• Digital is the future of radio
  • Want better radios
  • Listener centered design
  • Metadata to make it smart

Summing it all up, consumers want a car radio that’s broadcast digital, with a simple, easy-to-use interface (that’s familiar) and an app-like experience that is safe according to Harrison.

Raymond Loewy

The MAYA principle was the design approach brainchild of Raymond Loewy. You may not know his name but you know his work. Loewy designed the Coca Cola bottle, the logo for Air Force One, the logos for Shell, USPS and Greyhound. He also designed some of the iconic cars of the 40s – 60s and so much more.

Loewy understood us fickle humans. We want change, just not too quickly. He was a master of giving consumers a more advanced design but not more advanced than what they were able to deal with.

Apple

Steve Jobs was good as applying the principle of MAYA with the introduction of the iPod and its evolution. The iPod over time removed most of its buttons creating the entrance for the iPhone.

Apple wasn’t about to repeat the disaster it had with the Newton, a product that was more advanced than consumers were ready for. Google Glass is another such product that made too big a leap.

Knowing Your Customer’s Current Skill Level

For the consumer to embrace change, change must be introduced gradually over time.

The Air Pods might seem like a contradiction to this but when the iPhone7 introduced them and took away the headphone jack the percentage of wireless headphone sales to wired ones had already crossed a tipping point. iPhone7 sales are an indicator that it was MAYA time for this innovation. Apple didn’t have to explain the concept to its consumers, they were already there.

Consumers are not going to spend their time and money on trying to learn your product if there’s a product out there that is easier to use and more familiar to them.

And that is the challenge for radio.

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The Problem with Too Many Choices

57I’m not a shopper. I admit it. Shopping for me is work. When I do shop, I like places like Costco because while they offer choices, they don’t offer so many as to overwhelm. I like stores that do the “heavy lifting” for me and give me a selection of the best to pick from.

Less is More

Al and Laura Ries write in “The 22 Immutable Laws of Branding” that many businesses fall into the trap of thinking that more products equals more sales. This type of strategy is a trap and can lead to negative consequences in the long term.

Apple’s Quest for Simple

When the iPhone7 finally was released, everyone was talking about the missing headphone jack. The 3.5mm audio output port is 19th century technology. It doesn’t allow the highest sound quality to be transmitted. It is a way for water to invade the electronics of the iPhone. It takes up a lot of space. It adds a level of complexity where having the lightning port do this function or better yet, wireless transmission of audio to a set of AirPods, makes more sense.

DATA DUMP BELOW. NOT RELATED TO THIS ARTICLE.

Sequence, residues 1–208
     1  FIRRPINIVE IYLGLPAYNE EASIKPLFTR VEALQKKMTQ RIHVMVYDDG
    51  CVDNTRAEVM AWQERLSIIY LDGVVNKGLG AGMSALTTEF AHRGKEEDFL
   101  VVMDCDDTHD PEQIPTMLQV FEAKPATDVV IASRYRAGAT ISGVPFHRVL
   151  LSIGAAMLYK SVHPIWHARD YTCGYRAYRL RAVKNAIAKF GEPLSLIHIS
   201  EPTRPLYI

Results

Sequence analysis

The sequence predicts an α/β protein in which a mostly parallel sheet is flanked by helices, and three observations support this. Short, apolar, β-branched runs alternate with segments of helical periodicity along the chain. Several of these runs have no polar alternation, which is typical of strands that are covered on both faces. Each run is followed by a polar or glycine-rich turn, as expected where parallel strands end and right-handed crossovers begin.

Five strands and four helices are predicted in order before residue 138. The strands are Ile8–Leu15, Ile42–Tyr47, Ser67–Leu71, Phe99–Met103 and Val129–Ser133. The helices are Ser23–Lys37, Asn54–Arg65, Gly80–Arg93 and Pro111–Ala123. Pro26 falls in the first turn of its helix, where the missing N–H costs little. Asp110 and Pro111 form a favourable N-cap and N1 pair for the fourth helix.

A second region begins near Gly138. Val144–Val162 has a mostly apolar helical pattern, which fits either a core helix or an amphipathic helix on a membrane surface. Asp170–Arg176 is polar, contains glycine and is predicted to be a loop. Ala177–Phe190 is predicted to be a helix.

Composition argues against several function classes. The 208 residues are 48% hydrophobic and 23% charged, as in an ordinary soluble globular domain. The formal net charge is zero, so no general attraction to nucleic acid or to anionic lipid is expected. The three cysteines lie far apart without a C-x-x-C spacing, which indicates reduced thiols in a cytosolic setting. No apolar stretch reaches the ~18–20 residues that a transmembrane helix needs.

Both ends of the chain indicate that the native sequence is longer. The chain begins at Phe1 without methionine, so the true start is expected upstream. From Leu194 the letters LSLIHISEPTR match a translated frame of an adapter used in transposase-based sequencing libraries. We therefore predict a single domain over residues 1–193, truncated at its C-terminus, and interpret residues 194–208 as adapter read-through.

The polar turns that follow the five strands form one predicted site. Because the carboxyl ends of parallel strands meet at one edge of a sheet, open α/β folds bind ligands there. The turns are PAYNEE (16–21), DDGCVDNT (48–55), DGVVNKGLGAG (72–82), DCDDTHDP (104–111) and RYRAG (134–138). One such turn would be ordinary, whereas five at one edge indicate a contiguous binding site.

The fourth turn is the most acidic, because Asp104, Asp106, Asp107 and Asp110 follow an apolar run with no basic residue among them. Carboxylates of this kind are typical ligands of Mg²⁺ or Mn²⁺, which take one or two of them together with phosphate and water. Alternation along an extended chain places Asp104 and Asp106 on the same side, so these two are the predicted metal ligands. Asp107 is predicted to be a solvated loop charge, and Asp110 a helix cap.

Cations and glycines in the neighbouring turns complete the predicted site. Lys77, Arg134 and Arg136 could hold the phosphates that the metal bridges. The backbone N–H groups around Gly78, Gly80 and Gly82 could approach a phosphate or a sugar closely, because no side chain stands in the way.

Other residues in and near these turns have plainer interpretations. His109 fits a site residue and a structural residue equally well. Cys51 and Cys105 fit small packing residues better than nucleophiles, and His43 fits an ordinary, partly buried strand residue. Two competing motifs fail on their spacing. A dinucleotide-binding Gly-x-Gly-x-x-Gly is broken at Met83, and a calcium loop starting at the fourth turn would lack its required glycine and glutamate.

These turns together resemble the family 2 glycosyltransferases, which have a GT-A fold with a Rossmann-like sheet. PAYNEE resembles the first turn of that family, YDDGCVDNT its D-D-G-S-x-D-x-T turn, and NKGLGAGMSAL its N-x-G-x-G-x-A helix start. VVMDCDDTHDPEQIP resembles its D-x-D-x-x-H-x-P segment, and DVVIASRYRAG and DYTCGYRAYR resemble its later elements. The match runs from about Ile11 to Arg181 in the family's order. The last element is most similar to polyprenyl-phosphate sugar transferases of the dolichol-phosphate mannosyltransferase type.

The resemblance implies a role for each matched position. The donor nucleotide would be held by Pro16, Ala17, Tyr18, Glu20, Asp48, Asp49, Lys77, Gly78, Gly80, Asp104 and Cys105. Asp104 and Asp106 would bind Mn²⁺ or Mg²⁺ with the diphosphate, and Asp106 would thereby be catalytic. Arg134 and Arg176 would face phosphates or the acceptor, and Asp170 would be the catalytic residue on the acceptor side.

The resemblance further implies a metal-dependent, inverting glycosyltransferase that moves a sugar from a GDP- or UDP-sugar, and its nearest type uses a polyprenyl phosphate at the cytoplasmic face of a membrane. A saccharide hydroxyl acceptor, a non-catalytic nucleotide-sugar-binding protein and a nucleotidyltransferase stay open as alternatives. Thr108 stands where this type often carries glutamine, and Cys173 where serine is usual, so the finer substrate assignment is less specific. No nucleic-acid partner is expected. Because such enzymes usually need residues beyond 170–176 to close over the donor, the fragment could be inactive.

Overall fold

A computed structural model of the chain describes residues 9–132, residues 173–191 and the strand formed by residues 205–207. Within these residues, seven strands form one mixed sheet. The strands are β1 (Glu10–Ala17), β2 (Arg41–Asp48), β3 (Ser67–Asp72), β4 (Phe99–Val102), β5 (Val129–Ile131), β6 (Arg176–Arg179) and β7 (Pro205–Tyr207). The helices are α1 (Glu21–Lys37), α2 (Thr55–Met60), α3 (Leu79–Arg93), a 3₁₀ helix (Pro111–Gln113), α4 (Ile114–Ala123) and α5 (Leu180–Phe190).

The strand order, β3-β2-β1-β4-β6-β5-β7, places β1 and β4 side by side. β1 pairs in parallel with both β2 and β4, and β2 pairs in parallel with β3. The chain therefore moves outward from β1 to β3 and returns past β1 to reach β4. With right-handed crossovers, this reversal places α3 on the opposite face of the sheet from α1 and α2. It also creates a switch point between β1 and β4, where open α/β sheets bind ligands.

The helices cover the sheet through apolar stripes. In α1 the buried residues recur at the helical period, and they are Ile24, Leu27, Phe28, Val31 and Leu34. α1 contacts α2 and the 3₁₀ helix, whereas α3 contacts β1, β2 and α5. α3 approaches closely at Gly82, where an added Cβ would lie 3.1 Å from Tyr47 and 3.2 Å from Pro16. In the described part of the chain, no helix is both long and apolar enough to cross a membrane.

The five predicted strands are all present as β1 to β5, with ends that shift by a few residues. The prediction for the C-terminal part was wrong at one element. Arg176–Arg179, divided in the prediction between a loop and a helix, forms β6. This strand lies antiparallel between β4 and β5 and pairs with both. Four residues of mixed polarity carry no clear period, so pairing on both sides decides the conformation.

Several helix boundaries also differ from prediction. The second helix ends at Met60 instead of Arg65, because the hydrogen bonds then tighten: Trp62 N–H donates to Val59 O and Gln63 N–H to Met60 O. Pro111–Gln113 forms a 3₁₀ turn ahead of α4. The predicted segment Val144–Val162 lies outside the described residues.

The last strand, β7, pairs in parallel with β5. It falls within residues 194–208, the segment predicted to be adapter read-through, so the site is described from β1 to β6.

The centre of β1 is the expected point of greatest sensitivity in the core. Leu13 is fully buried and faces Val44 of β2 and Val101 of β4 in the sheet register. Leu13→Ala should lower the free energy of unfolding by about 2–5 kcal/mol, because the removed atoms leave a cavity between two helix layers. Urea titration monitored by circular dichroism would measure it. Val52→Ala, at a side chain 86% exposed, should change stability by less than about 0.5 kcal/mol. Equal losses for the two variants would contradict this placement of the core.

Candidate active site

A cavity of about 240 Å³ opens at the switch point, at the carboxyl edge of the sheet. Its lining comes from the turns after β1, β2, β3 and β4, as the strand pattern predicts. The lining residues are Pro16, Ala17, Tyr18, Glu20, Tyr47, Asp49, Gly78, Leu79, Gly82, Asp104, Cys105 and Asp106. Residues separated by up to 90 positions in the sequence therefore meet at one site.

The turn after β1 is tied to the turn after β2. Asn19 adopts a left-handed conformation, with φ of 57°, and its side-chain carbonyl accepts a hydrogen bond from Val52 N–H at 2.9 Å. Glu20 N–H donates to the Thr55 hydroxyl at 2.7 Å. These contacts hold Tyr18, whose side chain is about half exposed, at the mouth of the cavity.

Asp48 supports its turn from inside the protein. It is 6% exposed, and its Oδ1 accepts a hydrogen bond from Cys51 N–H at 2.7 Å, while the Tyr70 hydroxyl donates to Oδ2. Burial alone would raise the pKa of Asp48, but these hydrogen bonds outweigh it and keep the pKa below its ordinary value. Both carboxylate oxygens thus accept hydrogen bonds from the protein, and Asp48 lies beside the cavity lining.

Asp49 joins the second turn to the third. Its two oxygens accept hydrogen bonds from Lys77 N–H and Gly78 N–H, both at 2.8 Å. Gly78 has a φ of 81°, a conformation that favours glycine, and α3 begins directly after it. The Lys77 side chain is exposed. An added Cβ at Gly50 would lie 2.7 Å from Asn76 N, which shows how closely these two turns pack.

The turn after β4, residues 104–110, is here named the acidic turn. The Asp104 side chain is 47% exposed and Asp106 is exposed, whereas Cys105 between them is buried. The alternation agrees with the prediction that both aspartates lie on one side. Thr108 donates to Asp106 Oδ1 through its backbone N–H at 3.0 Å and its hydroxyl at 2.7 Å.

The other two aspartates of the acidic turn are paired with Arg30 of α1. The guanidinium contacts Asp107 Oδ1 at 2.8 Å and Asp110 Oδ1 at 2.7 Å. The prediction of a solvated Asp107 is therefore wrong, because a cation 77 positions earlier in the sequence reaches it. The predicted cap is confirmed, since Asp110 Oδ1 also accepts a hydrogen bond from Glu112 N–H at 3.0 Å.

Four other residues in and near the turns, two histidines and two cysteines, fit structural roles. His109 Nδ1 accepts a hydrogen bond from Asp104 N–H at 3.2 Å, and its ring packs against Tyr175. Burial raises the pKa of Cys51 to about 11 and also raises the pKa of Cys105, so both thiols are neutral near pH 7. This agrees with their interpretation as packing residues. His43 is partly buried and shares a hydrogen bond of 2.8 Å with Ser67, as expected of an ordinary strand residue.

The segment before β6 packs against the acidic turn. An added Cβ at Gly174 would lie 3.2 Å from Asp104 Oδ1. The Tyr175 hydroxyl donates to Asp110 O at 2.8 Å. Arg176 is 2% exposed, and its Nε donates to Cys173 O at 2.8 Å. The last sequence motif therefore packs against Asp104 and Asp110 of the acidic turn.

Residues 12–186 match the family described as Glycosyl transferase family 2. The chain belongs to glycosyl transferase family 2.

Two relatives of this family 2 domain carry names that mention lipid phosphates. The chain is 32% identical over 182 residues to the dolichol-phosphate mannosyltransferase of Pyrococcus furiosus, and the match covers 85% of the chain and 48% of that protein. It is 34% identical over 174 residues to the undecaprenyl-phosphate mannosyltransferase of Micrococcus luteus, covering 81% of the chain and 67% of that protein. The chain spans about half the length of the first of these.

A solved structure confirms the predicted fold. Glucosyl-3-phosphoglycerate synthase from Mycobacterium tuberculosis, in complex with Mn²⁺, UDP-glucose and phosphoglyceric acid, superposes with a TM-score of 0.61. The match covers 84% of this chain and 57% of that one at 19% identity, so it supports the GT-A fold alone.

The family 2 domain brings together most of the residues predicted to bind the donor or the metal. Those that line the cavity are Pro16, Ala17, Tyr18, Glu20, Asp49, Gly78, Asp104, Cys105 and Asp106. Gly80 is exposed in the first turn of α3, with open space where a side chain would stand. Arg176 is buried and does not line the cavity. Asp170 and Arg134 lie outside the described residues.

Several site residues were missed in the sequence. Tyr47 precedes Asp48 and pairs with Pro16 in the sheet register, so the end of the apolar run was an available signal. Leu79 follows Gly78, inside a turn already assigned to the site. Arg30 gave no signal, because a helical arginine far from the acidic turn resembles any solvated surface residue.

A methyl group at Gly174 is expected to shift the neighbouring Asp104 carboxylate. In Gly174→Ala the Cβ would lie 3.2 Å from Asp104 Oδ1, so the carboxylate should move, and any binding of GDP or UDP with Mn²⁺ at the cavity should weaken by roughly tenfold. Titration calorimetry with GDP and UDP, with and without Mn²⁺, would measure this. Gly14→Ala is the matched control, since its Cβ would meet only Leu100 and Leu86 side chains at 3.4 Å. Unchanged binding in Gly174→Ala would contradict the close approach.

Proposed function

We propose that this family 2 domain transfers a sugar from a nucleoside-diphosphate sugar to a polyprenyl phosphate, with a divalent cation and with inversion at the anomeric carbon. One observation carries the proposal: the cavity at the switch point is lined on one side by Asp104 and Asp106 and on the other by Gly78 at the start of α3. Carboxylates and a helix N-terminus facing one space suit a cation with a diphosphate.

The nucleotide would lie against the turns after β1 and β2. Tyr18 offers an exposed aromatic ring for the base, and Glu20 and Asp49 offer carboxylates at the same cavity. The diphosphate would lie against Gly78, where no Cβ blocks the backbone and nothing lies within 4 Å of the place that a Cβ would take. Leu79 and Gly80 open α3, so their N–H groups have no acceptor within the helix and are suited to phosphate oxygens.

Steve Jobs put it this way:

“Simple can be harder than complex: You have to work hard to get your thinking clean to make it simple. But it’s worth it in the end because once you get there, you can move mountains.”

Give Me One Good Reason

In media sales, we try to have our clients identify that one thing that makes them unique and special. What makes their business so different that consumers will want to come to you instead of anyone else. You may have heard this stated as finding a business’s “unique selling proposition.”

Ten Reasons Are Not Better Than One

The problem is that often it is hard for people to give just one reason. Instead they offer lots of reasons. This adds complexity. When you become burdened with lots of choices, you tend to avoid making any choice at all.

In the book “The Paradox of Choice” author and psychologist Barry Schwartz tells the story of very memorable jam study by psychologists Mark Lepper and Sheena Lyengar. The study compared the amount of jam sold if consumers were given either 6 varieties of jam to choose from or 24 varieties. While the table with 24 varieties attracted more people, the table with only 6 varieties saw thirty percent of the people buy a jar of jam versus only three percent who bought a jar when confronted with a choice of 24 jams.

One Good Reason

There was a great billboard in New York City that promoted AM66-WNBC’s drive time personalities that has stuck with me since the one and only time I saw it. It gave one reason to listen to this iconic radio station. It simply said “If we weren’t so bad, we wouldn’t be so good.”

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This one simple sentence captured the essence of both Don Imus and Howard Stern. It was this radio station’s one good reason to listen. It was this radio station’s one good reason to advertise on it.

Something for Everyone = Nothing for Anyone

Variety is a word that used to come up in radio station focus groups so often that many radio stations began to brand themselves as “Variety Radio.” It was an attempt to appear to be offering something for everyone.

The Better Way

If you want to be more effective, be specific versus general. Use words that have color, create mental pictures and surprise the listener. Don’t use two words when one will do. Tell your own story, the one no one else can tell.